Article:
While it’s possible that his European junket caught up with him, and he’s not the force of old, you’d never think so from his spirited training since the Tenno Sho. A Shin Hikari is giving every indication, both at home and this week at Sha Tin, that he’s going to run lights-out. He’s received the best draw for his running style – the rail – and he’ll waste no time from there with Yutaka Take in the irons.
But only one horse has won the Cup twice, local star California Memory (2011-12), and the ominous shadow of Maurice falls across A Shin Hikari’s hopes of emulating him.
As if A Shin Hikari’s title defense against Maurice weren’t compelling enough, the stakes are even higher because there won’t be a rematch. Both are to retire to stud in 2017.
A Japanese trifecta?
Japan has a realistic chance of sweeping all of the placings, with an additional trio of performers who shouldn’t be dismissed as a supporting cast.
Lovely Day (Jpn) was in career form in 2015, capturing the Takarazuka Kinen (G1) and Tenno Sho Autumn, and finishing a close third as the favorite in the Japan Cup (G1). Although not enjoying any success this term, the 10-furlong specialist is eligible to do better than his distant fourth as the favorite in the April 24 QE II Cup (G1) at this track and trip. The yielding ground was all against him that day. The son of King Kamehameha will get his preferred quick surface on Sunday – and maybe new rider Hugh Bowman, hero of Wednesday night’s International Jockey Challenge, will ignite a fire in him.
Staphanos (Jpn), runner-up to Lovely Day in last year’s Tenno Sho Autumn and a furiously closing third to Maurice in the newest edition, has an arguably better chance of moving up with a jockey switch to Christophe Soumillon. His two prior visits here have yielded mixed results – a second to Blazing Speed (Ire) in the 2015 QE II Cup and a disappointing 10th behind A Shin Hikari in this race – but he’s coming up to this third Sha Tin excursion in great heart. Staphanos touted himself with a superb work Thursday over the turf course, clocking his penultimate 200 meters in :10.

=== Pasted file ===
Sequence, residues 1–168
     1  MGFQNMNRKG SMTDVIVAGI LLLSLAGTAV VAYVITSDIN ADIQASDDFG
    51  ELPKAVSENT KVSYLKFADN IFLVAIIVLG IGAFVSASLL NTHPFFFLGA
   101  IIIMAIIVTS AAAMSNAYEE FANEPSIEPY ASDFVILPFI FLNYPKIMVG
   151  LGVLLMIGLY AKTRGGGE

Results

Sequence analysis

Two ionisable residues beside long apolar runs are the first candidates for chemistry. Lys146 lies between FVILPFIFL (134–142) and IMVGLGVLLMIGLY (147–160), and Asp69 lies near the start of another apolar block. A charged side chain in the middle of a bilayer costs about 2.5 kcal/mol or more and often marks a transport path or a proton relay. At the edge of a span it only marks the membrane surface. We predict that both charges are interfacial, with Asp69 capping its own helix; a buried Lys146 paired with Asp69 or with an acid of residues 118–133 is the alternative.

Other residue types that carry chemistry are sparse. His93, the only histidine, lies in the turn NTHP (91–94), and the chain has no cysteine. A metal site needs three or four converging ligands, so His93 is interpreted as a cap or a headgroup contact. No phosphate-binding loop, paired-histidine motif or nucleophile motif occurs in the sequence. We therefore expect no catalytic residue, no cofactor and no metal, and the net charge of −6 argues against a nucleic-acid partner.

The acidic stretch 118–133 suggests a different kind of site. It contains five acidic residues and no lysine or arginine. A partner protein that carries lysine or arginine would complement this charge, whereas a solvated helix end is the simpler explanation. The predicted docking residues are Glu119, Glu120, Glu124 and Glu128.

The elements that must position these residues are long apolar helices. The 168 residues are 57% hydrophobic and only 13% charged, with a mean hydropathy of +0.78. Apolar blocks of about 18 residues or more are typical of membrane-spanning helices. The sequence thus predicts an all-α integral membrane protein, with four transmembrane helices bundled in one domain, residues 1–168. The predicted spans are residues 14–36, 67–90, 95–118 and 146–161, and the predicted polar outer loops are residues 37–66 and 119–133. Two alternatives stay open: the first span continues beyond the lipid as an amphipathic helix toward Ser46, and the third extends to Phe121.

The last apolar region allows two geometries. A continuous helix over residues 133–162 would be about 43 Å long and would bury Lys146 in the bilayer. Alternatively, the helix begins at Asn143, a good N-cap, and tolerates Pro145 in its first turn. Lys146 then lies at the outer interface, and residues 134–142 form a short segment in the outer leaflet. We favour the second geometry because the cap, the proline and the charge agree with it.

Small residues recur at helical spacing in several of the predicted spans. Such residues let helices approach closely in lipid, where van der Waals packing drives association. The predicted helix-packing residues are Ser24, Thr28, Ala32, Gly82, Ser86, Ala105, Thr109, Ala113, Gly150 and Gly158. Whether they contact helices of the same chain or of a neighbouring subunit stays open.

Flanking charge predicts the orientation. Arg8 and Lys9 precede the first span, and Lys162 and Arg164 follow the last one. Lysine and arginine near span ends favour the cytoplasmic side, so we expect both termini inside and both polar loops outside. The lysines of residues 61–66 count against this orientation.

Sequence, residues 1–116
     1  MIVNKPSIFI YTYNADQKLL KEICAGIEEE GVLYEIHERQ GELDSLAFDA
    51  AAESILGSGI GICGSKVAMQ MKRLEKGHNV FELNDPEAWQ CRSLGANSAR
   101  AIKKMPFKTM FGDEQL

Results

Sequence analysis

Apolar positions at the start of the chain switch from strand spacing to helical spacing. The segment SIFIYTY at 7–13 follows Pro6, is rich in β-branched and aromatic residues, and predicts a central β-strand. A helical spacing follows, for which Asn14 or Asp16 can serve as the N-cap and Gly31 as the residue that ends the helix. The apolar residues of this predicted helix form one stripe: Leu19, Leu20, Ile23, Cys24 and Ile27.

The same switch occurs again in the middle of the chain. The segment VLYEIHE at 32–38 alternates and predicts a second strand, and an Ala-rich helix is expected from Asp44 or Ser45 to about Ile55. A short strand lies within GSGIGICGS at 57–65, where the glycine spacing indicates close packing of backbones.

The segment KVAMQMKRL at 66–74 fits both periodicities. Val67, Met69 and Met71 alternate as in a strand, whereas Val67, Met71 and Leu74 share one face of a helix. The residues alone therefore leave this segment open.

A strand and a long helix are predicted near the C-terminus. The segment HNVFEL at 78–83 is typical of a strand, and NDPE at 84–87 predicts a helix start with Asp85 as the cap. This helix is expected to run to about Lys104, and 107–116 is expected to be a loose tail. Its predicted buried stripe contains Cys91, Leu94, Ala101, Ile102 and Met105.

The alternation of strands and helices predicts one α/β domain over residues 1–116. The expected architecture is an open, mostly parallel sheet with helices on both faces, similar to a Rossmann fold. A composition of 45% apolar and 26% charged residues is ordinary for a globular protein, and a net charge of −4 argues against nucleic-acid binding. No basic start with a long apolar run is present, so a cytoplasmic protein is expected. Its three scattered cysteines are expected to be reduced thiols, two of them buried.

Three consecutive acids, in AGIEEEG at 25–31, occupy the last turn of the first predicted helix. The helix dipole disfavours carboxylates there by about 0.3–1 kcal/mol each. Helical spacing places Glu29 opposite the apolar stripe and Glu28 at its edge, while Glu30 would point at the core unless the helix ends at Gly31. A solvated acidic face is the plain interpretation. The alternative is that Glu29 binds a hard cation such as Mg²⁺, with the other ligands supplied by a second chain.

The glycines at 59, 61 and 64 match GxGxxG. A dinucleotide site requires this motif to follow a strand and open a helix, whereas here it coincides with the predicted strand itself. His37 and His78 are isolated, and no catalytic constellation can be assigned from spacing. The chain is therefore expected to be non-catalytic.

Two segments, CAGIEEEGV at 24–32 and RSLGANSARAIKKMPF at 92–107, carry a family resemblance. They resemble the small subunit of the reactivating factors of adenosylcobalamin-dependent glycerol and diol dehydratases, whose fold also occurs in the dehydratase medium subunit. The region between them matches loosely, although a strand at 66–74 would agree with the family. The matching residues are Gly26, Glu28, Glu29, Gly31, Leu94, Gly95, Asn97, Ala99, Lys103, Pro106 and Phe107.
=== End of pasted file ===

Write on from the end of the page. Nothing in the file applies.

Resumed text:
Three females have won the Cup over the last dozen years, and Queens Ring (Jpn) bids to update that stat to four. A veteran of the 2015 Japanese fillies’ classics, Queens Ring delivered her best effort in the third jewel, the Shuka Sho (G1), over this distance. Surging late, she missed by a neck in a stakes-record time of 1:56.9. A troubled trip next time in Kyoto’s Queen Elizabeth II Cup (G1) prevented her from finishing any better than eighth.
Being a May 25 foal, and by Manhattan Café, Queens Ring was entitled to improve with maturity, and she’s really hit her stride by winning her past two. Significantly, she gained revenge in the November 13 renewal of the Queen Elizabeth II Cup, flying her last 600 meters (about three furlongs) in a field-best :33.2 to get up on the line.
This represents her first major test versus males, and post 11 doesn’t help her chances with the short run to the first turn. Yet regular rider Mirco Demuro is crafty enough to work out a trip, likely anchoring her off A Shin Hikari’s gallop, and it shouldn’t compromise her too much.
Will the Hong Kong elite make their presence felt?
The locals hit a purple patch when winning the Cup four straight years, beginning with the aforementioned California Memory and concluding with Designs on Rome (Ire) (2014). But thanks to an injury to the circuit’s current star in this division, Werther (NZ), the HKIR home team now is mostly composed of aging veterans who need to ramp it up to fend off the Japanese onslaught.
Designs on Rome remains Hong Kong’s best chance of averting a Japanese sweep in the Cup. The John Moore charge scored a treble of Sha Tin’s marquee races at this trip in 2014, landing the Hong Kong Derby prior to defeating international fields in the QE II Cup and Hong Kong Cup. And he’s since added the 2015-16 editions of the Hong Kong Gold Cup.